The Last Bluebonnet Photo

So in Texas, it is a tradition with most families to take photos of their kids in the bluebonnets each spring….or maybe their dog…or horse…or maybe the whole family. I saw a lot of that while I was down there. There is certain bluebonnet etiquette you should follow…including to not trample on them or pick them. They aren’t easy to grow and like to grow wild. You can plant a hundred seeds in your own yard and may or may not get 5-6 plants over the next couple of years. The fields that have been developed have done so over many years. Their blooms last about 2 weeks. I was ever so lucky to have hit a late season this year as they can start as early as late February. The dry winter helped me manage to hit the peak season in mid-April. They are already starting to fade. Since I was the one with the camera and travelling alone, I didn’t get a picture of ME in the bluebonnets. So on my way home, in Ennis, TX (the home of the Bluebonnet festival), I asked a random stranger to take my photo on my phone in the field of bluebonnets. This woman was near my age and she saw my necklace (a firefighter’s badge) and immediately asked me if I was married to a fireman…my eyes misted over immediately as I looked up at her and told her it was in honor of my son, Joe, who had died 5 weeks prior. As I looked into her face, trying to control my emotions, I noticed she was also wearing a necklace with a badge on it…that of a policeman. Her husband is a policeman. She took a couple of photos of me and then as I stood up, she asked if she could hug me. She did and the dams were let loose and here I was in Ennis, TX, sobbing in this woman’s arms. She explained that she had lost a daughter at birth 30 years ago and her heart still hurt over it. She said she couldn’t imagine having a child for 27 years and then having them ripped away from you. She then stood there with me, in the middle of the bluebonnet field with her arm around my shoulders, and prayed aloud for me and for Joe and our family. It was such a wonderful experience. Sometimes you meet angels in the guise of a stranger…in a bluebonnet field in Ennis, TX.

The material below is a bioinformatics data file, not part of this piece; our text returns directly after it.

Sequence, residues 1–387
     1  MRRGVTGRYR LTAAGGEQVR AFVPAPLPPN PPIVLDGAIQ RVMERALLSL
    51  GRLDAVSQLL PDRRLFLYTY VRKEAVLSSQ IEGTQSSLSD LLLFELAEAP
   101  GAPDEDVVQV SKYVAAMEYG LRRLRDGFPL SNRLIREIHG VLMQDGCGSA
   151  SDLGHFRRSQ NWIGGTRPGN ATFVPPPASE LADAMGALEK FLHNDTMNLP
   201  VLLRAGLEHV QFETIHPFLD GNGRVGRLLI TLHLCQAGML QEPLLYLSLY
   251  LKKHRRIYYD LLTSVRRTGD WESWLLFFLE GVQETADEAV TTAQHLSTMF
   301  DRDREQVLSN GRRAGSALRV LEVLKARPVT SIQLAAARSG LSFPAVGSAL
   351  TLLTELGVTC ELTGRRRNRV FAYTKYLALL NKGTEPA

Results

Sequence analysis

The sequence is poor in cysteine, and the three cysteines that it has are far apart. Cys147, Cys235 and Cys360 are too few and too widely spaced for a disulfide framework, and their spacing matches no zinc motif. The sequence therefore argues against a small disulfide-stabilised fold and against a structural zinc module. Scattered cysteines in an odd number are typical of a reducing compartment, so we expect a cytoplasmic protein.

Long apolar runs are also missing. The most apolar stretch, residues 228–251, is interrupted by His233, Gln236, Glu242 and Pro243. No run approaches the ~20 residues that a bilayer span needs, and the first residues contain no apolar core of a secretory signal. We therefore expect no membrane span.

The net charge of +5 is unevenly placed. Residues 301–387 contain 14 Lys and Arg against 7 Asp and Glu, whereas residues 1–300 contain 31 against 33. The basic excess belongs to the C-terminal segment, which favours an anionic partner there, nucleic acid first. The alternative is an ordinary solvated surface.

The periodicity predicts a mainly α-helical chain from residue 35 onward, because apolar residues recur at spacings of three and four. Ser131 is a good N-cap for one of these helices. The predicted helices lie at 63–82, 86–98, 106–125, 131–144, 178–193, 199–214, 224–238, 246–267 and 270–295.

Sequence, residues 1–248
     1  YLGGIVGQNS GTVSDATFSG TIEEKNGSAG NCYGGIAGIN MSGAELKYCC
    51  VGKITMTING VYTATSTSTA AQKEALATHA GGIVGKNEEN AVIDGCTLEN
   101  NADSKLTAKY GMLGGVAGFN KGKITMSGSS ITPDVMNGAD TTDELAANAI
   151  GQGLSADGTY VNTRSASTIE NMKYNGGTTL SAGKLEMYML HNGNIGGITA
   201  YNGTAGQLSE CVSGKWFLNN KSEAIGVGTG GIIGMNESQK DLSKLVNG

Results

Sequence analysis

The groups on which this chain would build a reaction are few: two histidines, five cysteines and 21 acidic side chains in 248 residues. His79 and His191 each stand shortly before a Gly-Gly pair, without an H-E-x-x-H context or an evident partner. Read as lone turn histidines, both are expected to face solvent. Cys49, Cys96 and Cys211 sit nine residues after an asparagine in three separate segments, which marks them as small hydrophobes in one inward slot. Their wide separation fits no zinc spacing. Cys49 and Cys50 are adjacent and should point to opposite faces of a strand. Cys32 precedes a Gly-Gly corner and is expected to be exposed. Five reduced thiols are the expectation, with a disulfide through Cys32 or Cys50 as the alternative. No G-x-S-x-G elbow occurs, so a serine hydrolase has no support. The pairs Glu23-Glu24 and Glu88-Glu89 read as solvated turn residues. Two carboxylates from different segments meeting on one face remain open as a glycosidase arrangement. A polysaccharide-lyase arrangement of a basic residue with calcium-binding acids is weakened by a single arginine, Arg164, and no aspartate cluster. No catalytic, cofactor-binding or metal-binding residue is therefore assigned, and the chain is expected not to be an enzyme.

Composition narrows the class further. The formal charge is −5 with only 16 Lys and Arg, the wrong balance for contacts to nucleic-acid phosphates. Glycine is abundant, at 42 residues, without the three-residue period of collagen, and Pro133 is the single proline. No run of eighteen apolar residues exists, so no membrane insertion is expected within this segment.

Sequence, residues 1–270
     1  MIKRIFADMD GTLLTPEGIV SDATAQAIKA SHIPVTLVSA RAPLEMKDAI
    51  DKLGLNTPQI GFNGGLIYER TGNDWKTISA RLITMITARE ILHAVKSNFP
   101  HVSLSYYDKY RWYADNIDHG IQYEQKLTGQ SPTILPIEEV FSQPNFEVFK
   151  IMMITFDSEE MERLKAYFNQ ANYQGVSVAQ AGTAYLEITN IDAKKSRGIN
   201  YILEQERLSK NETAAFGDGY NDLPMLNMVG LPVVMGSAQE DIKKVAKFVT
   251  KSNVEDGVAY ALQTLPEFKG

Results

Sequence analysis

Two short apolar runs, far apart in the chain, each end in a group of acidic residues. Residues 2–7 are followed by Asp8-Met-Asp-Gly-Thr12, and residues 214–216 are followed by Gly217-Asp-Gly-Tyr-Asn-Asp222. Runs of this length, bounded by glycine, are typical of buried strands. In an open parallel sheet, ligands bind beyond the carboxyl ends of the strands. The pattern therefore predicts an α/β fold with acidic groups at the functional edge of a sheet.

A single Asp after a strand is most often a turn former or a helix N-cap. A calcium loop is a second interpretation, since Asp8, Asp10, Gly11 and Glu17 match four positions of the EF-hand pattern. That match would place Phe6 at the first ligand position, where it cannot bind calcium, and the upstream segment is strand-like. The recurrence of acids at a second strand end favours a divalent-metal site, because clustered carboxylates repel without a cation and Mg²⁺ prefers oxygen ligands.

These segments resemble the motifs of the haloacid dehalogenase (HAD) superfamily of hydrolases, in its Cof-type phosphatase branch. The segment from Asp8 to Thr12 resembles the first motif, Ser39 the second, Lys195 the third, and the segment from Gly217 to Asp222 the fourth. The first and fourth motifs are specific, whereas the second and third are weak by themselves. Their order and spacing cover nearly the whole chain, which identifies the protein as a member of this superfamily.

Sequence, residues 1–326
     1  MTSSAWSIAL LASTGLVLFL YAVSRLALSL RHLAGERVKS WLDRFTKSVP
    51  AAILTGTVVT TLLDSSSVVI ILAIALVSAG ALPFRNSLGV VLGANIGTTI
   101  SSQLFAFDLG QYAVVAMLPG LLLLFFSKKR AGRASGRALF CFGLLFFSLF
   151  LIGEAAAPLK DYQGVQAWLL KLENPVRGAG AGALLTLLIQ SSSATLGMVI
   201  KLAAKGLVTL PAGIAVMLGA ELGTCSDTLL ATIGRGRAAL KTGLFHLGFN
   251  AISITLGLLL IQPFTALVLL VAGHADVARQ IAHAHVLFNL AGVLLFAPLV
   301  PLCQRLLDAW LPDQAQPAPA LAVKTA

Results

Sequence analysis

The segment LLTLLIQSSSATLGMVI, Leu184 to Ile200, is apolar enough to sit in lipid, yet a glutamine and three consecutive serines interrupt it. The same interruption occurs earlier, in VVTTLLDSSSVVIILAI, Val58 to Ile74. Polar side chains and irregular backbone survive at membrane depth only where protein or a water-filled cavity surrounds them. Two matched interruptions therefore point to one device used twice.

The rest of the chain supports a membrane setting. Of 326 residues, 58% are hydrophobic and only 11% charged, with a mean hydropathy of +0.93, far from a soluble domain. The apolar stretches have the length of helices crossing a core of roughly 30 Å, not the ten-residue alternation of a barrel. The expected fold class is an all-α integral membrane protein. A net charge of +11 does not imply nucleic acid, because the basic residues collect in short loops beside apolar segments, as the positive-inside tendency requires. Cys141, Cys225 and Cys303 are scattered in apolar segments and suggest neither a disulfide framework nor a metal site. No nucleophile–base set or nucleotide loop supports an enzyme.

2 thoughts on “The Last Bluebonnet Photo

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